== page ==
Suffolk has found a way to exploit the unique talents and mindsets of different generations.
The American labor force is in a unique state, with four — some might argue five — distinct generations working alongside each other, and it’s commonly thought the two largest generational cohorts, baby boomers and millennials, don’t share the same values and goals and thus struggle to gel in the office.
But Suffolk Construction Co., a Boston-based national builder with a large presence in the region, from Tampa to Estero, has turned that thinking on its head with an innovative reverse mentoring program — an approach to bridging the so-called generation gap. It’s not a formalized training program, per se, but participants say Suffolk management purposefully sets up teams that naturally allow grizzled veterans to learn from tech-savvy up-and-comers — and vice versa.
It’s also a concept that could easily apply to just about any business in any industry, because of technology’s profound influence on how millennials and generation Z learn and interact with the world around them.
“When you see a young person who has [Kraziem’s] drive, that changes your attitude. She’s made a believer out of me.” Jeff Riley, Suffolk Construction Co. general superintendent
“You create a bond,” says Suffolk general superintendent Jeff Riley, 64, of his work relationship with 29-year-old assistant project manager Samira Kraziem, who’s been helping him get more comfortable with technology while he imparts his self-described “old school” site supervisory experience to her so she can take up the mantle of leadership one day. “I tell her all the time that if I live long enough, I’ll be working for her," he says. "There’s no doubt about that.”
Riley and Kraziem are part of Suffolk’s Tampa team, where its projects include Manor Riverwalk, an eight-story, 400-unit luxury apartment building at 202 S. Parker St., right across the Hillsborough River from downtown Tampa. The project broke ground in August 2017 and Riley says Kraziem would accompany him and his field team on concrete-pouring sessions in the middle of the night.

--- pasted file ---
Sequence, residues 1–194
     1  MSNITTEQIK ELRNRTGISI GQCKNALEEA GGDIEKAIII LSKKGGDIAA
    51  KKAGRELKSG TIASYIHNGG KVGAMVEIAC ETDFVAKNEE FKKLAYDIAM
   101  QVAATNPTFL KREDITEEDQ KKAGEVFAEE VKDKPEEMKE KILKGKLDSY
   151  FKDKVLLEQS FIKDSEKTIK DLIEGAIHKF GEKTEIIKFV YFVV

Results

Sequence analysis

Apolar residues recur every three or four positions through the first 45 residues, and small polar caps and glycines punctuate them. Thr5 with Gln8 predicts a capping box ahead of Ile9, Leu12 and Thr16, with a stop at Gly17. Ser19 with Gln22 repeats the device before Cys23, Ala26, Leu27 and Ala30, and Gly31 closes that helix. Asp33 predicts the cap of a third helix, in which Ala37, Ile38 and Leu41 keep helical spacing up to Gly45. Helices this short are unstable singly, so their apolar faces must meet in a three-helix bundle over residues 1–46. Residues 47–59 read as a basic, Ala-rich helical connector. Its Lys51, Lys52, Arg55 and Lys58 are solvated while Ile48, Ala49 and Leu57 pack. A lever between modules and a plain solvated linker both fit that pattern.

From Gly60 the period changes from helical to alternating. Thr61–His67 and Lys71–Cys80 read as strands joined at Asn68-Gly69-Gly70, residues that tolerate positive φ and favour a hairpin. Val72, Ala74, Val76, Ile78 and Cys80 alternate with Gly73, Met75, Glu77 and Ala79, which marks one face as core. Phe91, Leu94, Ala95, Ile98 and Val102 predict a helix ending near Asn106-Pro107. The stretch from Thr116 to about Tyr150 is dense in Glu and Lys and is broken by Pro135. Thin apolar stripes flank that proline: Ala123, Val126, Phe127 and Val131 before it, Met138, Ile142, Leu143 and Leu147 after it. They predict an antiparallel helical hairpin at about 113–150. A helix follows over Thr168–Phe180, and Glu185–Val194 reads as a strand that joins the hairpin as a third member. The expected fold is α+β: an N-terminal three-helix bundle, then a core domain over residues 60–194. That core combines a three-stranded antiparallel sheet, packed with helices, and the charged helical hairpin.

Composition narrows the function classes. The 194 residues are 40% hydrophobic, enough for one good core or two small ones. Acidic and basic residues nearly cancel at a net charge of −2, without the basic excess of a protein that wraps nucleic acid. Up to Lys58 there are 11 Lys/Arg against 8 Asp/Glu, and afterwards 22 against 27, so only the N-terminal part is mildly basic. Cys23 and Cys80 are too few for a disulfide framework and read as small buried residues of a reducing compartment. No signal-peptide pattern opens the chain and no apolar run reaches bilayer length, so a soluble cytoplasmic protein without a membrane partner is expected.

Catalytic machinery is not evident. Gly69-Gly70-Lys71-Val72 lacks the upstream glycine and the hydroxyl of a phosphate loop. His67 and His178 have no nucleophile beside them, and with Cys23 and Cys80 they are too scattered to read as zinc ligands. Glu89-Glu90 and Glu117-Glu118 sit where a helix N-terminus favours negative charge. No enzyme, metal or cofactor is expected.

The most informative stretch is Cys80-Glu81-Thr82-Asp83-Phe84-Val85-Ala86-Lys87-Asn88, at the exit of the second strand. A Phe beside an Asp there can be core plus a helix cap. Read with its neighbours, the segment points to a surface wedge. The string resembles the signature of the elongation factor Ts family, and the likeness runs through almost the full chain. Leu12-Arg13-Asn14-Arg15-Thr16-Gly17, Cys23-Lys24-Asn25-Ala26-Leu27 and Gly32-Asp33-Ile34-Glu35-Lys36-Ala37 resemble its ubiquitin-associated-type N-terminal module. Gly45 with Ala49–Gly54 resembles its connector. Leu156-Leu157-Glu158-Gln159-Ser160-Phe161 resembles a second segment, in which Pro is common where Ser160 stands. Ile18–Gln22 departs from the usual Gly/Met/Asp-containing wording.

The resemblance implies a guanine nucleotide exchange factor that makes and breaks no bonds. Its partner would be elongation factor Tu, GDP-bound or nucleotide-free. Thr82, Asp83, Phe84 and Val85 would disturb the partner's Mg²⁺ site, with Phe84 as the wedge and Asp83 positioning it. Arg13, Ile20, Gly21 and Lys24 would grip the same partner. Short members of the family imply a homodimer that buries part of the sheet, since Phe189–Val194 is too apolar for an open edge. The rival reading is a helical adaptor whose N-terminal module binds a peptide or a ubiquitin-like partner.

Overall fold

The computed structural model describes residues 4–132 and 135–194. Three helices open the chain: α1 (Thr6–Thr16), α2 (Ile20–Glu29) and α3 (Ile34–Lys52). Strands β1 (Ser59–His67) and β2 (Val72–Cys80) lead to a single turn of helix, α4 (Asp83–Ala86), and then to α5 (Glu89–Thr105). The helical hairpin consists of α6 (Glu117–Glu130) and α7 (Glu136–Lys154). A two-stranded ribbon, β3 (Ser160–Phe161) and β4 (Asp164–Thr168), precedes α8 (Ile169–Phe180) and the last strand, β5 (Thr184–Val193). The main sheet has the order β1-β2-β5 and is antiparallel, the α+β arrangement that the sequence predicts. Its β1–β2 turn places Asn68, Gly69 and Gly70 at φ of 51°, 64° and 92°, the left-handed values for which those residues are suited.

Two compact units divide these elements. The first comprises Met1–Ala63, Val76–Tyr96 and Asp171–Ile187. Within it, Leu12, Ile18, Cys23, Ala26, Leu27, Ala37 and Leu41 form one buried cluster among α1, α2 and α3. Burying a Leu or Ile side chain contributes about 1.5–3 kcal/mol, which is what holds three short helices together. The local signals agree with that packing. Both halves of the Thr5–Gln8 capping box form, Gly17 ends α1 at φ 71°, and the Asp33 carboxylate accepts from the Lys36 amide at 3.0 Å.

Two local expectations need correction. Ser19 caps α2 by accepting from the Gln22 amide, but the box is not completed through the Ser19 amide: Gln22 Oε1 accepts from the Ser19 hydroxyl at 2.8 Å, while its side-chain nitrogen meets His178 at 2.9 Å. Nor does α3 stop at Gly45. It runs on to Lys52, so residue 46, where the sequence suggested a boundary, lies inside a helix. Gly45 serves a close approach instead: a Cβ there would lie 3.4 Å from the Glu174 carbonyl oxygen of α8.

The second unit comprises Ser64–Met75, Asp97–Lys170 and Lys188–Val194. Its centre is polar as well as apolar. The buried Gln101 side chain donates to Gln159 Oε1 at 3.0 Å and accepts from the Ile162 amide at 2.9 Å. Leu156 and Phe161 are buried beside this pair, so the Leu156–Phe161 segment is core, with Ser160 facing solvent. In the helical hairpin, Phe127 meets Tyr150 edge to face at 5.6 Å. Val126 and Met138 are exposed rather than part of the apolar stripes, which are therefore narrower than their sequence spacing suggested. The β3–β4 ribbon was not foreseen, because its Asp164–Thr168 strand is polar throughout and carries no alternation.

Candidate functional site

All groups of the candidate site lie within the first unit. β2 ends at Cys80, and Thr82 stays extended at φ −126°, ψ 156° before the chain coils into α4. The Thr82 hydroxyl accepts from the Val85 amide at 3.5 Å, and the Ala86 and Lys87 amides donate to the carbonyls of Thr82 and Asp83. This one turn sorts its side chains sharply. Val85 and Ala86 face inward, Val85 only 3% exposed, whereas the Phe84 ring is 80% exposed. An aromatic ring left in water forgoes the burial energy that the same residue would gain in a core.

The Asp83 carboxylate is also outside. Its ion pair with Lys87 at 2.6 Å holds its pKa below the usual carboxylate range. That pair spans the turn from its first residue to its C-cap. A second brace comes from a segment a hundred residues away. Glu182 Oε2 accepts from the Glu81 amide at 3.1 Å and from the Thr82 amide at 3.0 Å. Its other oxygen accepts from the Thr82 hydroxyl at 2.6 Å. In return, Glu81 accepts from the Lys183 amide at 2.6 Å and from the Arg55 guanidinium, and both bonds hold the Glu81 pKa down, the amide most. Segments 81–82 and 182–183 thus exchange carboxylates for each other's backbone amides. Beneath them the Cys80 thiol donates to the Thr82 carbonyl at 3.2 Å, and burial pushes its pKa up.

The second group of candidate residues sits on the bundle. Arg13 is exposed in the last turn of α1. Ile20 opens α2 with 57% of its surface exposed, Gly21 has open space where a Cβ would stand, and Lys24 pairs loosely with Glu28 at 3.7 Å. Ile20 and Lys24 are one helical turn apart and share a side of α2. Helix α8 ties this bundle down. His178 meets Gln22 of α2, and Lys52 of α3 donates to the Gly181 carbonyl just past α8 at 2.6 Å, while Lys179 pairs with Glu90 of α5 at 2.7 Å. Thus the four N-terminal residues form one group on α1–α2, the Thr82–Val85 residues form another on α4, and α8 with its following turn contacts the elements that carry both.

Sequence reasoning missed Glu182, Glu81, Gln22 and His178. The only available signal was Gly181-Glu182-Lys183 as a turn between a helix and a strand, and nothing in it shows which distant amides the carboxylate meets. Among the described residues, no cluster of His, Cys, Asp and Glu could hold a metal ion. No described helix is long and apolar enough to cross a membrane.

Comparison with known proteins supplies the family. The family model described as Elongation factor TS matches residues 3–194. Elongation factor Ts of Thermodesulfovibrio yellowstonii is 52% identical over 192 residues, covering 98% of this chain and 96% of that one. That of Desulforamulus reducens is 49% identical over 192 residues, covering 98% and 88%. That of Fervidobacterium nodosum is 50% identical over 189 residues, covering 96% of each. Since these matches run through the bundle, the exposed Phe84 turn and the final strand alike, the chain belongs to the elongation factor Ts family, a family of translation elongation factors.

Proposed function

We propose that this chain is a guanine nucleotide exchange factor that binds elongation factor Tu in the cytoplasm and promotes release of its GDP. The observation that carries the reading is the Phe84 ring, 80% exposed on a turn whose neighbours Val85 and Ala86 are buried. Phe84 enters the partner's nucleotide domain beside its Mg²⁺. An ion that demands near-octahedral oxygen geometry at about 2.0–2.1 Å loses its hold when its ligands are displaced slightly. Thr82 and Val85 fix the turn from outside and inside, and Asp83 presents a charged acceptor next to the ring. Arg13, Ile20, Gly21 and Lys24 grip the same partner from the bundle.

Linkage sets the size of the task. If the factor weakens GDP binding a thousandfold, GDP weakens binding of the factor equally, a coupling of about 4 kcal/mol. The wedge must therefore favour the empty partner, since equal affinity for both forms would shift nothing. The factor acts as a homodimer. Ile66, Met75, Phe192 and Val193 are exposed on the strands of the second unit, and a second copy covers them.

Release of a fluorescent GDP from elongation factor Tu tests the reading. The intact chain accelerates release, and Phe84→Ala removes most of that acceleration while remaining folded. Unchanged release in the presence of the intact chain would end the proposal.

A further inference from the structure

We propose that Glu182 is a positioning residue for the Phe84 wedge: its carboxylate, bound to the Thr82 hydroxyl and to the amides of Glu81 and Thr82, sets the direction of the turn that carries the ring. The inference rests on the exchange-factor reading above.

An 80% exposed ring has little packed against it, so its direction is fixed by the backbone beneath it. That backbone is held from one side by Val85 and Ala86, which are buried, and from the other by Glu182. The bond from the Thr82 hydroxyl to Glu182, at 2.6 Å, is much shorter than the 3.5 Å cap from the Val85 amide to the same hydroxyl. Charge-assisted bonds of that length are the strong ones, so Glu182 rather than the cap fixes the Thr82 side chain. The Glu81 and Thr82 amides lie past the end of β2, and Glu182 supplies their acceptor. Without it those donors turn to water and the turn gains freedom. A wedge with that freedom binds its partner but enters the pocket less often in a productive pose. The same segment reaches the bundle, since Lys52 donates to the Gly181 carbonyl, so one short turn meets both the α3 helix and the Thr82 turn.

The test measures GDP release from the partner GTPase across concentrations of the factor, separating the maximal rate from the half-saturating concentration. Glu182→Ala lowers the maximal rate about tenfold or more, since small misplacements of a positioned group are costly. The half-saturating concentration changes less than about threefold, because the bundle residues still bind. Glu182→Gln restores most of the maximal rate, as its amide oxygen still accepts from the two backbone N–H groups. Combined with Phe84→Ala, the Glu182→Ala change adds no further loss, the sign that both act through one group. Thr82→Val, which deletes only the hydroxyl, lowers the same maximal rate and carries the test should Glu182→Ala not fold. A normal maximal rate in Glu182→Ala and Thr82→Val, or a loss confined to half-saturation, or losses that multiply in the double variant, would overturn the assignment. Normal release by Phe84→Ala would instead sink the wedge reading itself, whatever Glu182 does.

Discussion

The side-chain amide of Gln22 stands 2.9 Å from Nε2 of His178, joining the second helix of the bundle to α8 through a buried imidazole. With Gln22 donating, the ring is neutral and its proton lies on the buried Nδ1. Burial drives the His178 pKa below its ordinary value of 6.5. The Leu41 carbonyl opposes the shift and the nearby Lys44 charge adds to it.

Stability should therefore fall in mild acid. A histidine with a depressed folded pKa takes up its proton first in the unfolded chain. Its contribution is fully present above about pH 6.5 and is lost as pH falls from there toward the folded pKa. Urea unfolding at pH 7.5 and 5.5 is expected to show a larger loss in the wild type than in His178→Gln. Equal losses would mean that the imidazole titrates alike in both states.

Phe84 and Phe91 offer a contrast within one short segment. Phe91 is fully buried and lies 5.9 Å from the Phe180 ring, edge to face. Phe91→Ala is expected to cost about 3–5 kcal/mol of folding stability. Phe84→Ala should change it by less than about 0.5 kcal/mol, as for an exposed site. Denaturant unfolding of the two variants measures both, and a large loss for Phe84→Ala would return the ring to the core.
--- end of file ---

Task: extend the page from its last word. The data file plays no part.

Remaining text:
“There’s a young lady beside me at three o’clock in the morning, out there pouring concrete, asking me lots of questions,” he says. “That meant something to me, to have a young person that wants to learn so badly that she would be here that early … that willingness to learn is what it’s all about.”
Giving young workers a boost also helps overcome the skilled labor shortage that’s plagued contractors and construction companies. And putting emphasis on the professional development of millennial women like Kraziem helps builders tap into a large slice of the labor pool that traditionally hasn’t been closely associated with construction.
“Suffolk, especially, has done a great job of fighting that outdated mindset,” says Kraziem. “We have a lot of women who are taking on leadership roles, more and more, in all facets of the company. We’re paving the way for the future of construction.”
Both Riley and Kraziem appreciate what they call Suffolk’s “build smart” approach to its business. It starts with assembling high-performance teams made up of people who not only complement each other when it comes to skills, but also like each other and want to learn from each other.
Riley, in particular, says he has completely changed his way of thinking about younger, millennial workers. “They are super smart,” he says. “Being tech-savvy, that’s where this business is going. And when you see a young person who has [Kraziem’s] drive, that changes your attitude. She’s made a believer out of me.”
Similarly, Kraziem, with Suffolk for about a year and half, has developed a newfound respect for the vast amounts of hard-earned tricks of the trade found among construction veterans like Riley, who came of age in a pre-digital world.
“He has the knowledge and experience that would otherwise take me a lifetime to gain and achieve,” she says. “Having this reverse-mentoring dynamic has allowed me to expedite that process and gain that sort of knowledge much earlier on in my career.”
The type of relationship she enjoys with Riley, she adds, “makes for stronger people and stronger teams.”
Riley, meanwhile, enjoys feeling more confident with technology — essential if he wants to extend his career: “I have to keep up.” Kraziem, he says, has been a godsend in terms of his comfort level with Suffolk’s computer network, and she’s helped him adjust to using mobile devices like iPads in the field instead of pen and paper. “She's teaching me," he says, "at the same time I'm teaching her."